- The Washington Times - Friday, June 16, 2006

The Kirov Ballet opened a week’s engagement at the Kennedy Center Tuesday night with one of the most starkly modern programs any ballet company has danced here.

It is especially startling coming from the Kirov — home to the great 19th-century ballets created by Marius Petipa (“Swan Lake,” “Sleeping Beauty”) —which will dance the ultimate Romantic ballet, “Giselle,” over the weekend.

The opening program, to be repeated tonight, goes for the jugular with a full evening of works by William Forsythe, the American-born choreographer who has spent his career in Germany creating taut, visceral and controversial works.

Mr. Forsythe brings us an enigmatic world, peopled by dancer-athletes of stunning power who stretch positions to the extreme, burst into explosions of fast turns and jagged leaps, then suddenly come to a halt and saunter flatfootedly offstage.

This stop-and-start motif appears frequently. His opening “Steptext” is set to a fragmented recording of a Bach chaconne. (Mr. Forsythe appears to prefer canned music rather than live.) Short bursts on the violin, the volume turned up, are followed by silence and then another brief phrase. The intermittent sounds, as well as sudden blackouts, are arresting, presumably Mr. Forsythe’s intent; there is nothing soporific about his staging.

“Steptext” is a virtuoso turn for four dancers. Daria Pavlenko, the lone woman, dressed in a red body suit, has a lithe, steely-strong and flexible body that does wonders. She appears this weekend as the ethereal Giselle. (Talk about versatility.)

Igor Kolb, her equally impressive partner, and Andrey Merkuriev and Maxim Khrebtov, all dressed in black, completed the cast of this vigorous work.

Although the aesthetic of the evening was postmodern, the four works on the program are not new; they date from the 1980s and ‘90s and have become Forsythe classics.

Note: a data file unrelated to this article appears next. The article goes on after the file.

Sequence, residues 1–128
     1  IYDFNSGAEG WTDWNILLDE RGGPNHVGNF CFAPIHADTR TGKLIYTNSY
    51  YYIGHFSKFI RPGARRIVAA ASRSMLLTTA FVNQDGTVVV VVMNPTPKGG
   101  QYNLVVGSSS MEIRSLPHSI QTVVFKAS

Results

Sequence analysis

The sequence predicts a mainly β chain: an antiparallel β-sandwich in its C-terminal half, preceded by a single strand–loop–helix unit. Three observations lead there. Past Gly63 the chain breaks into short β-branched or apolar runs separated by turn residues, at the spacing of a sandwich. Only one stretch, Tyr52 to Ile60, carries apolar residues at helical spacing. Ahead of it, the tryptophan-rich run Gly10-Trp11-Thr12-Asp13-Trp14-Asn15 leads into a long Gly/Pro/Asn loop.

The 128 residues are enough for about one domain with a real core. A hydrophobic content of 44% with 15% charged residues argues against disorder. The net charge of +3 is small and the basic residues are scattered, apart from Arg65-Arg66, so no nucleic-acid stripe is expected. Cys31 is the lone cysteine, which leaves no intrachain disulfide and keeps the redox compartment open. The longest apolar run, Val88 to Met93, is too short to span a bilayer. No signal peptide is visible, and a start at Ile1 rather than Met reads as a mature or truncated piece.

“Approximate Sonata,” a series of sequential duets for four couples, was the least inventive. It ran out of steam before it was over. Again, though, the Kirov’s dancing was brisk and bright.

The closest thing to ballet classicism on the program was “The Vertiginous Thrill of Exactitude.” For starters, it was set to the last movement of Franz Schubert’s Symphony No. 9 and featured actual ballet tutus (in any case, postmodern tutus that looked like perky pancakes). It also had bright illumination (a relief after the glumly dark lighting that preceded it).

Most of all, the work had a range of classical ballet steps, always enlarged and deconstructed as is Mr. Forsythe’s wont. It was given a bang-up performance by a brilliant quintet of dancers — ballerinas Tatyana Tkachenko, Nadejda Gonchar, Ekaterina Osmolkina, and two striking males, Leonid Sarafanov and Andrian Fadeyev.

“In the Middle, Somewhat Elevated,” with bravura dancing set to thumps and crashes designed by frequent collaborator Thom Willems, brought the evening to a close.

It is exhilarating to see the human body used so gallantly; Mr. Forsythe certainly has brought new life to basic classroom steps.

But, the greatest works of art have an aura of the ineffable about them. In dance, the human body is the instrument; in that sense, it’s the most personal of all art forms. It can do more than merely stir us with the admitted allure of seeing powerful honed bodies challenging space.

At its most inspired, dance can tell us about our ideal selves — our tenderness, our inner fears, our pursuit of perfection.

As exciting as it is to see the imaginative way Mr. Forsythe has enlarged the vocabulary, he leaves dance’s grandest challenges unmet.


WHAT: Kirov Ballet in works by William Forsythe and “Giselle”

WHEN: Tonight at 7:30 p.m., Tommorrow at 1:30 and 7:30 p.m.

WHERE: Kennedy Center Opera House

TICKETS: $47 to $112


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